Local News: First, Live And More Automated Than Ever

Related: At Stations, ENG Takes on Starring Role

As broadcasters head to the annual Broadcasting & Cable/TV Technology News Technology Summit—coming to Baltimore Oct. 8-9 —much of the focus will once again be on newer systems for streamlining workflows.

One notable development is the ongoing reduction of costs for automation systems, making them more attractive for smaller stations. In September, Ross Video announced that its popular OverDrive automation system would work with its less expensive midsize production Carbonite switcher. “It means that the cost for getting into automation has dropped quite substantially,” says Jeff Moore, executive VP and CMO at Ross Video.

Meanwhile, the growing importance of software is helping broadcasters create more flexible workflows. Imagine Communications’ CTO Steve Reynolds notes that they have been developing “software defined workflow platforms” that offer modular, easily customizable workflows. “Rather than users having to adapt to the tool, you can tailor it to work within their existing workflows, without having to write new codes,” he says.

These broader software systems are designed not only to control more station operations, they are also being architected to integrate with a wide variety of systems from outside vendors.

As part of its Avid Everywhere strategy of helping broadcasters and content creators handle all aspects of the process of content creation, distribution and monetization, Ray Gilmartin, senior director, broadcast and media segment and product marketing at Avid explains that they’ve designed their software platforms to closely integrate with outside vendors—including direct competitors—that can write applications for interfaces and products. “The complexity of dealing with disparate products from different vendors was one of the key things we are addressing,” Gilmartin says.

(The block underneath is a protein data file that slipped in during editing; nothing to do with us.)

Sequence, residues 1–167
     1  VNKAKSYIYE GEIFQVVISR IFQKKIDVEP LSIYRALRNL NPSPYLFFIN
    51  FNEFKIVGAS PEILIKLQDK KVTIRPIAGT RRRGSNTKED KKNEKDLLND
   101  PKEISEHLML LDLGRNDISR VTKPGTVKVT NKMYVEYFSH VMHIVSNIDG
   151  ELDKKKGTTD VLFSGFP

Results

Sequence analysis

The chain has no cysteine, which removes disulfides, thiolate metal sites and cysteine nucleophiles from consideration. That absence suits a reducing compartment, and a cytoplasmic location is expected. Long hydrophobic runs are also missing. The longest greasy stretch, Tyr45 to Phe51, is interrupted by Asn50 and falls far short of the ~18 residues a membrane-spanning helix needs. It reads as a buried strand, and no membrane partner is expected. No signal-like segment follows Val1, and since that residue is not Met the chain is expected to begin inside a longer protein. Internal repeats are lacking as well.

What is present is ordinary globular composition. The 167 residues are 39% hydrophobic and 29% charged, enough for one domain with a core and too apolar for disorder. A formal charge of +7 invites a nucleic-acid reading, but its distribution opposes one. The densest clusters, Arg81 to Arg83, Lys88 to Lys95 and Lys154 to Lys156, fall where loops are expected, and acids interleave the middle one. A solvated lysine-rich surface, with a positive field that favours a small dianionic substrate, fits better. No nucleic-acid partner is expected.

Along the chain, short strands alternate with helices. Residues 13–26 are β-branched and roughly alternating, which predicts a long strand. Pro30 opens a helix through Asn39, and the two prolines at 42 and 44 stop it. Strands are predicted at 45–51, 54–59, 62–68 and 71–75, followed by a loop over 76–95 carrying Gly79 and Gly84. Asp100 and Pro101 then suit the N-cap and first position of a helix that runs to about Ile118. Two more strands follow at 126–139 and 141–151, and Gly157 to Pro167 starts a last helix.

Tighter integration with other vendors, particularly newsroom systems, and capabilities for natively handling new formats is also a priority for BroadStream, which rolled out a number of new workflow management tools at IBC, explains Ben Wolk, president, sales and marketing at BroadStream. These include Current, which is designed to manage and streamline workflows.

Rapid Response Systems

Software systems are providing stations flexibility in addressing rapid technological changes that require them to deal with new formats and devices. “When we architected [Grass Valley’s media workflow application framework] Stratus, we didn’t know all the changes that were coming, but we knew clients would need solutions to rapidly respond,” says Ed Casaccia, senior segment manager, news at Grass Valley.

The complexity of handling massive amounts of content being created by both journalists and users of social media and then distributing this content to many different devices requires increasingly sophisticated systems for handling metadata and media. “The key to rapid turnarounds of news content is to automate a lot of the processes for handling user generated content and have the proper methods of handling metadata,” says Luc Comeau, senior business development manager at Dalet Digital Systems.

While much of the technology remains focused on automating processes, Fred Fourcher, president, CEO and founder of Bitcentral, stresses that systems’ ability to better share content and access content from archives can boost ratings. “The No. 1 complaint about local news is repetition,” he says. “If you can share content and get unique content on the air, you have a real competitive advantage.”

Cloud-based systems for storing and accessing content can radically reduce costs, and, “If I have content stored in a dozen local facilities, it might cost 10 or 12 times as much as the cost of putting it in the cloud,” where systems are actually more reliable than local storage, says Alex Grossman, Quantum VP of media and entertainment.

These cloud-based services also lay the groundwork for distributed production systems offered by Adobe, Avid, Aframe, LiveU, Panasonic, Sony and others. “They allow journalists to work anywhere they have a connection,” says Andy Warman, director of product management, production and play-out at Harmonic. Harmonic supplied a Media Grid product to CNN as part of its deployment of the Adobe Anywhere distributed production system.